Have you ever been pulled into a company-wide kickoff? You can tell the presentations are intended to get you excited for what you’ll be working to accomplish over the next twelve months. They present the company mission statement, which resonates with you and you’re jazzed to make this mission a reality. Then senior leadership reveals the objectives for the next twelve months and you’re stuck asking yourself, how do these objectives progress our business toward fulfilling our mission?

Background

Ok, let’s take a minute to examine what’s going on here.

Every business should have a hierarchy of company statements. This article from the Harvard Business Review does a great job describing why – it’s a bit dated but useful as a starting point. Below, I’ve placed OKRs where I feel they fit in the hierarchy.

  1. Mission
  2. Values
  3. Vision
  4. Strategy
  5. Objective
  6. Key Results

The mission states why the business exists. Values are what the business believes in and how it will behave. Vision is what the business wants to be. The strategy is the competitive game plan made up of objectives. The most critical part about these statements is that they are tightly coupled together, and each lower level should advance the upper-levels.

I modified the hierarchy from the article to include OKRs instead of the scorecard. If you’re in technology, then there is a good chance that you’ve heard the term OKR over the past decade. Generally speaking, Objectives and Key Results (OKR) offer a simple framework to define and track objectives and measure progress.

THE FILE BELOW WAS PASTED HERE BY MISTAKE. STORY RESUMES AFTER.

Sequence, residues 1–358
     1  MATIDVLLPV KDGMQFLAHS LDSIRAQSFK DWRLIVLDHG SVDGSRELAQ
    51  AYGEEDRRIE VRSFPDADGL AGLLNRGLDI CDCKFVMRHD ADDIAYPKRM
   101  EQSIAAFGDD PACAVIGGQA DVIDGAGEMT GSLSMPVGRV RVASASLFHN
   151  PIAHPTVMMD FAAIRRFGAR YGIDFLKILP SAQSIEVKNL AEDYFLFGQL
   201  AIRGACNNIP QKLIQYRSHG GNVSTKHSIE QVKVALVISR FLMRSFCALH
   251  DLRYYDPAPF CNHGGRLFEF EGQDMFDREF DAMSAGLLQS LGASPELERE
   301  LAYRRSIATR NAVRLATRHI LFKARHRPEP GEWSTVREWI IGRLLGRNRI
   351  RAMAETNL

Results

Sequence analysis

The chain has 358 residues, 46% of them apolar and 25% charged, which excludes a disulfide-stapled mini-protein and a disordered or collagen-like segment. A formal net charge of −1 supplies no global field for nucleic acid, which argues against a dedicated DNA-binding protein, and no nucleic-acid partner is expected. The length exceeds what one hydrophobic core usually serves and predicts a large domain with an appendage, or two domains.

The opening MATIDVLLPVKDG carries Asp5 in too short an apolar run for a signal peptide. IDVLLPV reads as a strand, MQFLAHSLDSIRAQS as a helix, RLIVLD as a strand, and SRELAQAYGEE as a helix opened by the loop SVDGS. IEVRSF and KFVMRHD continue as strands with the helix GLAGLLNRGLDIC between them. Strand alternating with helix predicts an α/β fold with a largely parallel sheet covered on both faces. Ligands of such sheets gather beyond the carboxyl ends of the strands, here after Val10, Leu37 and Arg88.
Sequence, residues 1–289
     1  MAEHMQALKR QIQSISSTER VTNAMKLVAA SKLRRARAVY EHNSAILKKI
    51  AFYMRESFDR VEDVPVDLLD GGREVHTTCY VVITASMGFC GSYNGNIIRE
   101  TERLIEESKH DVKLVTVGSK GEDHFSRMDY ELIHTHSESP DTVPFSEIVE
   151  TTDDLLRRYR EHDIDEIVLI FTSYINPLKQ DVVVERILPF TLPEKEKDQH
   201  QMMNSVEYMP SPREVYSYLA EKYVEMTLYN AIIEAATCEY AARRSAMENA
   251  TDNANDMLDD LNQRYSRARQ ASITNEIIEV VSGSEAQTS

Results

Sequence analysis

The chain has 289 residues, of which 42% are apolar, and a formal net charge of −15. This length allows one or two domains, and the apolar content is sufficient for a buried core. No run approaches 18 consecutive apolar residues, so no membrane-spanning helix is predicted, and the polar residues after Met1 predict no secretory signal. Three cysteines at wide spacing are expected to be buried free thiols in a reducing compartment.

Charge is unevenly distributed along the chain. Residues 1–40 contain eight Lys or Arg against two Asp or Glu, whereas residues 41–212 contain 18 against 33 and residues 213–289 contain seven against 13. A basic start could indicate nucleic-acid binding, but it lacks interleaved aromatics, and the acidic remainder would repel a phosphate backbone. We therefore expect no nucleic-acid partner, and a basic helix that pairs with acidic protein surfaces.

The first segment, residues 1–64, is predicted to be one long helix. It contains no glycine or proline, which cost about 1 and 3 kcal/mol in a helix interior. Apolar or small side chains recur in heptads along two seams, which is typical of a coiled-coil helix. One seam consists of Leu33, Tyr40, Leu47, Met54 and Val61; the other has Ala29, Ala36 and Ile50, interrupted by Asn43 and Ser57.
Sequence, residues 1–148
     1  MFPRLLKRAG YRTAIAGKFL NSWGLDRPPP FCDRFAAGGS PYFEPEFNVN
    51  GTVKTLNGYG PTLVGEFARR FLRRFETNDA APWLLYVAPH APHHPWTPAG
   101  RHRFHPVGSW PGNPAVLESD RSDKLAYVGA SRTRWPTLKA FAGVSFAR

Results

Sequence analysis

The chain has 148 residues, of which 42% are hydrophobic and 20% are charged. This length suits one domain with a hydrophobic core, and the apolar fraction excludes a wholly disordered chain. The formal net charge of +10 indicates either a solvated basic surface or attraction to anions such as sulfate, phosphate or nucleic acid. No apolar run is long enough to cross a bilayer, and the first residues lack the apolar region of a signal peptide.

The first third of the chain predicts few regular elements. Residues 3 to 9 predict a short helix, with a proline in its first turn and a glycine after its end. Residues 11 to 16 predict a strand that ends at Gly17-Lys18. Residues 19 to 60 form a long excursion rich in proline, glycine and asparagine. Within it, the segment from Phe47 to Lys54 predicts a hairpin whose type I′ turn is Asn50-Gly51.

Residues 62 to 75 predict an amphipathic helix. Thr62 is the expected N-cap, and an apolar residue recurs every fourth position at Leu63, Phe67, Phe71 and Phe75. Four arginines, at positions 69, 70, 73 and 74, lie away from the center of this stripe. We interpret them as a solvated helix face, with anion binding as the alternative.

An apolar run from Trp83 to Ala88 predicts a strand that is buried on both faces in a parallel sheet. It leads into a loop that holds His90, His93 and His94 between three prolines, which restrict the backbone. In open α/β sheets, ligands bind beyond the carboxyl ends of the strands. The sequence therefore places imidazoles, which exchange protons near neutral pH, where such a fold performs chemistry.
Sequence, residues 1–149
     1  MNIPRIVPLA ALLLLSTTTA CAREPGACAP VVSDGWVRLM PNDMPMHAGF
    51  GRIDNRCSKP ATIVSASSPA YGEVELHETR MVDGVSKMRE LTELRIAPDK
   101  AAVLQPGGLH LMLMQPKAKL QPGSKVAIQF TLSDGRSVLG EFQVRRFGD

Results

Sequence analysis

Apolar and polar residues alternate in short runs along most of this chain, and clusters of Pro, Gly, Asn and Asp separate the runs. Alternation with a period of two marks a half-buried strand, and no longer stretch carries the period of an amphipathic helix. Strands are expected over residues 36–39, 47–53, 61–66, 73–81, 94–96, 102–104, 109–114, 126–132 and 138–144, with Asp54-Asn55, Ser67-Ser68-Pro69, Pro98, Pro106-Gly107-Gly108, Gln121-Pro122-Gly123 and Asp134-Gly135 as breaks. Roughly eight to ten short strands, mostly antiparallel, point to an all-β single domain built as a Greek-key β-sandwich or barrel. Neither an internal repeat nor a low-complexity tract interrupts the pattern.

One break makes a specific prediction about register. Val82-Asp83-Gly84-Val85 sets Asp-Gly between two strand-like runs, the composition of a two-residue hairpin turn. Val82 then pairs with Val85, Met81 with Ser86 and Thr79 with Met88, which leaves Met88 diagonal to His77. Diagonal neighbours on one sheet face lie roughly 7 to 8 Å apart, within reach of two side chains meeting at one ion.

OKRs are not a new concept Andrew Grove wrote about them in 1983. They’ve become popularized more recently through books like Inspired by Marty Cagan and Radical Focus by Christina Wodtke. It’s a great tool and something you should consider using if you’re struggling to execute your strategy.

Why it fails

I can hear the little voice in my head already, “Ok, Great! So, why should I care about all this MBA mumbo jumbo? This sounds like a lot of fluff.”

Here’s the thing, when your hierarchy of company statements tightly align with each other and have definitive measures of success, then you, the people you manage, and the entire company feel like they are working toward the same goal. If you believe in the Milton Friedman definition of capitalism, then these statements should revolve around revenue, profitability, and shareholder value. On the other hand, if you subscribe to the Adam Smith definition of capitalism, then the statements will revolve around customer value. If you want to know more about why the difference is important, check out what Simon Sinek has to say on the subject.

You fail to inspire and motive when your statements don’t align. If your mission and vision state that your company exists because it makes a profound impact on humanity, but your objectives focus on revenue, profitability, or shareholder value, then you’re not aligned. Your company will be hollow, and your people will feel uninspired, unmotivated, and empty. People who feel empty are less productive, which increases the risk of entering the organizational death spiral.